From The New York Times: “The fall from grace last week of Dr. José Baselga, the former chief scientific officer of Memorial Sloan Kettering Cancer Center, illuminated a longstanding problem of modern medicine: Potentially corrupting payments by drug and medical device makers to influential people at research hospitals are far more common than either side publicly acknowledges.
Dr. Baselga, a giant in cancer research whose work led to the discovery of the lifesaving drug Herceptin, resigned on Thursday after The New York Times and ProPublica reported that he had repeatedly failed to properly disclose millions in industry payments.
Decades of research and real-world examples have shown that such entanglements can distort the practice of medicine in ways big and small. Even little gifts have been found to influence doctors’ prescribing habits and their perceptions of a given company’s products. Larger payments have been shown to affect the design of clinical trials and the reporting of trial results, among other things. And such financial entanglements have proved devastating to individual patients — and to society at large. The opioid epidemic, to take one recent example, was partly spread by doctors who were persuaded to ignore warning bells and prescribe these drugs liberally by companies that showered them with gifts and consulting fees.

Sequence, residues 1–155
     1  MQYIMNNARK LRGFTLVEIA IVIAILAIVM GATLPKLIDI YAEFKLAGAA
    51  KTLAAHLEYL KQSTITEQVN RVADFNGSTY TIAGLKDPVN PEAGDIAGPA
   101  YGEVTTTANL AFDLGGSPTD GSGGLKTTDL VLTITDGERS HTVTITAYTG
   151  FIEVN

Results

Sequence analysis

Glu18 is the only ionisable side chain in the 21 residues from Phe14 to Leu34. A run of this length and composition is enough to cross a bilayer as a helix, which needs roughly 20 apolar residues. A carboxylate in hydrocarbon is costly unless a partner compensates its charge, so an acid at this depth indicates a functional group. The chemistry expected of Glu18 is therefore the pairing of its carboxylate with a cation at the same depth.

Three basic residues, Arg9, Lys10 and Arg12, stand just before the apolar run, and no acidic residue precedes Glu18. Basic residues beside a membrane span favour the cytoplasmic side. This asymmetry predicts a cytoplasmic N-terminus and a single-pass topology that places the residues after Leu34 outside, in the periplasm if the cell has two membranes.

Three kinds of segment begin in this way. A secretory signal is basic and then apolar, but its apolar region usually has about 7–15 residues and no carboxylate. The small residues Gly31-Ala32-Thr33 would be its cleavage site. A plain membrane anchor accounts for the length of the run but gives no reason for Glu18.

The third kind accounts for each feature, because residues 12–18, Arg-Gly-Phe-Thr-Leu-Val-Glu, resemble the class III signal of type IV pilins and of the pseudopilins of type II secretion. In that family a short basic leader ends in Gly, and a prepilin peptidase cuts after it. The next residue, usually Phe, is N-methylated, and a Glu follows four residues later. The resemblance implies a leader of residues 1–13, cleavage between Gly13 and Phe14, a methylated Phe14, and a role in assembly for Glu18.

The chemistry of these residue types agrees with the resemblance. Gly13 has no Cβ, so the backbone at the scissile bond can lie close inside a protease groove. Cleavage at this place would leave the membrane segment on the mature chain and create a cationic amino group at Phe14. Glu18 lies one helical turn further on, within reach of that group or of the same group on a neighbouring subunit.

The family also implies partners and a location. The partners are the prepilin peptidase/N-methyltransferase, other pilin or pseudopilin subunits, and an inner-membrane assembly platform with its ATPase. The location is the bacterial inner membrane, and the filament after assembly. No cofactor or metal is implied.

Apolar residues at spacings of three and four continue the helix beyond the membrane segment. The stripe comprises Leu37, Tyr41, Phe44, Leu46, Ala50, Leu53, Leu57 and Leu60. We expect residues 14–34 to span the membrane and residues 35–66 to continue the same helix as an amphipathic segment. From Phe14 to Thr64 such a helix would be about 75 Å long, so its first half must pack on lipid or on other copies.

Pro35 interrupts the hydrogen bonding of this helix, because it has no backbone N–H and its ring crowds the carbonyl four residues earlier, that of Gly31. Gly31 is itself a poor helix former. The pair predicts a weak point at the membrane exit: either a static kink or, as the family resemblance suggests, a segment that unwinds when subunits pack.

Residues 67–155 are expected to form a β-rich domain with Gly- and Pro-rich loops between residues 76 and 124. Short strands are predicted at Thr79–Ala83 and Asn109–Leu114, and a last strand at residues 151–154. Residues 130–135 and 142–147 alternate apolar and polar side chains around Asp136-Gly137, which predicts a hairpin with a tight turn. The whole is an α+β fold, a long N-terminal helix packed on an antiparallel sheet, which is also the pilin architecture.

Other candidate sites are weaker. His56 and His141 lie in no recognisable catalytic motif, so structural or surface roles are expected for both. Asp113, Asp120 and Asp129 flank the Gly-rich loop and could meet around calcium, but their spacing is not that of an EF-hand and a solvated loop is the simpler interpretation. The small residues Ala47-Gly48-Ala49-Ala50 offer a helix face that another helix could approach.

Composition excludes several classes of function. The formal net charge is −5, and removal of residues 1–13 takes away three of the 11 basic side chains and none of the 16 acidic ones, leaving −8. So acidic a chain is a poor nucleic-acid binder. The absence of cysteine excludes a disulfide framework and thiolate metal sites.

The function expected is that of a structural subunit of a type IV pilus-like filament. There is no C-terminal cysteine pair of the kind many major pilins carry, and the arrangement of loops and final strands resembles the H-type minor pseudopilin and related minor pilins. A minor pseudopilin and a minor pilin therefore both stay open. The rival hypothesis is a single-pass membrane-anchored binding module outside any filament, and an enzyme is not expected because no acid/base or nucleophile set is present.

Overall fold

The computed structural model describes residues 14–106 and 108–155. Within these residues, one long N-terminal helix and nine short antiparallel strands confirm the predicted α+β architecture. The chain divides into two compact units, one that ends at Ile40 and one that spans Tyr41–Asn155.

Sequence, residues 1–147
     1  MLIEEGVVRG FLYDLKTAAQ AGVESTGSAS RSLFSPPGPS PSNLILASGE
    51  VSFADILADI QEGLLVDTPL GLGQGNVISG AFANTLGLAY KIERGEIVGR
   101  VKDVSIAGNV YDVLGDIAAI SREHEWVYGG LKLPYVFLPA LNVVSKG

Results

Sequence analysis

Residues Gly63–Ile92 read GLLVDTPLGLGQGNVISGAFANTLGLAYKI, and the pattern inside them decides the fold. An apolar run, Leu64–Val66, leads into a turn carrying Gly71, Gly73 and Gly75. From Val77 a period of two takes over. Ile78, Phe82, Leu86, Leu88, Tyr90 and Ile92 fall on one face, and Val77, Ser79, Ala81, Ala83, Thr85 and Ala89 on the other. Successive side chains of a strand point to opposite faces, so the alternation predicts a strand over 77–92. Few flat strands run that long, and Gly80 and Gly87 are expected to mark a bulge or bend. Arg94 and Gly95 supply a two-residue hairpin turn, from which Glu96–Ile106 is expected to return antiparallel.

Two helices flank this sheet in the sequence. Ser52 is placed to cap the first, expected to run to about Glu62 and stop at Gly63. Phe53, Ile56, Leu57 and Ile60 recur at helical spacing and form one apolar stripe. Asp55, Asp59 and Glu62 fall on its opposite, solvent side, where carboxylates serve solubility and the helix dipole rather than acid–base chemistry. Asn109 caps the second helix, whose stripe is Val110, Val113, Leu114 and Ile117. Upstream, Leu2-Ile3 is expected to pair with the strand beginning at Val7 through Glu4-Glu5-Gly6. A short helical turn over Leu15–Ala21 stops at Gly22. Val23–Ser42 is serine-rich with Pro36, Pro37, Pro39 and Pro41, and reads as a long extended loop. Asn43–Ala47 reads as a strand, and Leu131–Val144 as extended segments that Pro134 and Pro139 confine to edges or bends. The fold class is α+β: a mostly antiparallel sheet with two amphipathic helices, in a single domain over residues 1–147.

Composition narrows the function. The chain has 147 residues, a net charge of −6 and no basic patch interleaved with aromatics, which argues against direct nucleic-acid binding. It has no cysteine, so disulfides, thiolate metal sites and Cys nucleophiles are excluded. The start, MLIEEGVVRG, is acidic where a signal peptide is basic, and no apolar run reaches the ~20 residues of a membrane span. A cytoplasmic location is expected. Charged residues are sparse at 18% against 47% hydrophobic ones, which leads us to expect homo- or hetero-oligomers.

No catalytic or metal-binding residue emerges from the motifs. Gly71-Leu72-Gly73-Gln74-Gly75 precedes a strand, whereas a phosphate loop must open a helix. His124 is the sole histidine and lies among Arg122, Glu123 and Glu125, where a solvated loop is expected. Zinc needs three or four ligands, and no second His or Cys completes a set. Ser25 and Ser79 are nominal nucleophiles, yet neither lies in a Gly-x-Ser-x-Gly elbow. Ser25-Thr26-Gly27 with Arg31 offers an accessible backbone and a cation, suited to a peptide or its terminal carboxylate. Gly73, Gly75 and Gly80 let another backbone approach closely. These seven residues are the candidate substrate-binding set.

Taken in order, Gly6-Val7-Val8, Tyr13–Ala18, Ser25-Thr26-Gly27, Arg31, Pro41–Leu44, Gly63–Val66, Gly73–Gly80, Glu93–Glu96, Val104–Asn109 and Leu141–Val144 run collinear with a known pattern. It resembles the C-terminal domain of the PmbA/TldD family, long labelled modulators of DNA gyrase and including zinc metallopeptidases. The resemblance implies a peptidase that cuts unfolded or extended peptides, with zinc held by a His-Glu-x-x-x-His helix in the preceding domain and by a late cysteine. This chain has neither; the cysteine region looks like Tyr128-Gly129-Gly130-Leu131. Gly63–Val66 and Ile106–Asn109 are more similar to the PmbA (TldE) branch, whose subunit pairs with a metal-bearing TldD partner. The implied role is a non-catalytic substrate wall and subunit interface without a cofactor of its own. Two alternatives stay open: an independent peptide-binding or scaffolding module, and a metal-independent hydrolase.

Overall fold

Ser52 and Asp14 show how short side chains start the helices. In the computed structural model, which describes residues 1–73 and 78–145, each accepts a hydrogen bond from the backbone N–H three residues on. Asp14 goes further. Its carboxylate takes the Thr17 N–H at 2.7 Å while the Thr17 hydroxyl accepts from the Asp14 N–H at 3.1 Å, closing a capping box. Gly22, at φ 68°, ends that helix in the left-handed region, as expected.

Financial conflicts are hardly confined to Sloan Kettering. A 2015 study in The BMJ found that a “substantial number” of academic leaders hold directorships that pay as much as or more than their clinical salaries. According to other surveys, nearly 70 percent of oncologists who speak at national meetings, nearly 70 percent of psychiatrists on the task force that ultimately decides what treatments should be recommended for what mental illnesses, and a significant number of doctors on Food and Drug Administration advisory committees have financial ties to the drug and medical device industries. As bioethicists have warned and as journal publishers have long acknowledged, not all of them report those ties when and where they are supposed to.
Medical journals and professional organizations have also told The Times that they are looking for ways to streamline the disclosure process for doctors and to better track those disclosures themselves. Those are good first steps, but if institutions charged with curing the sick are serious about finally stopping the corruption of medicine by money, they’ll need to do much more than that.”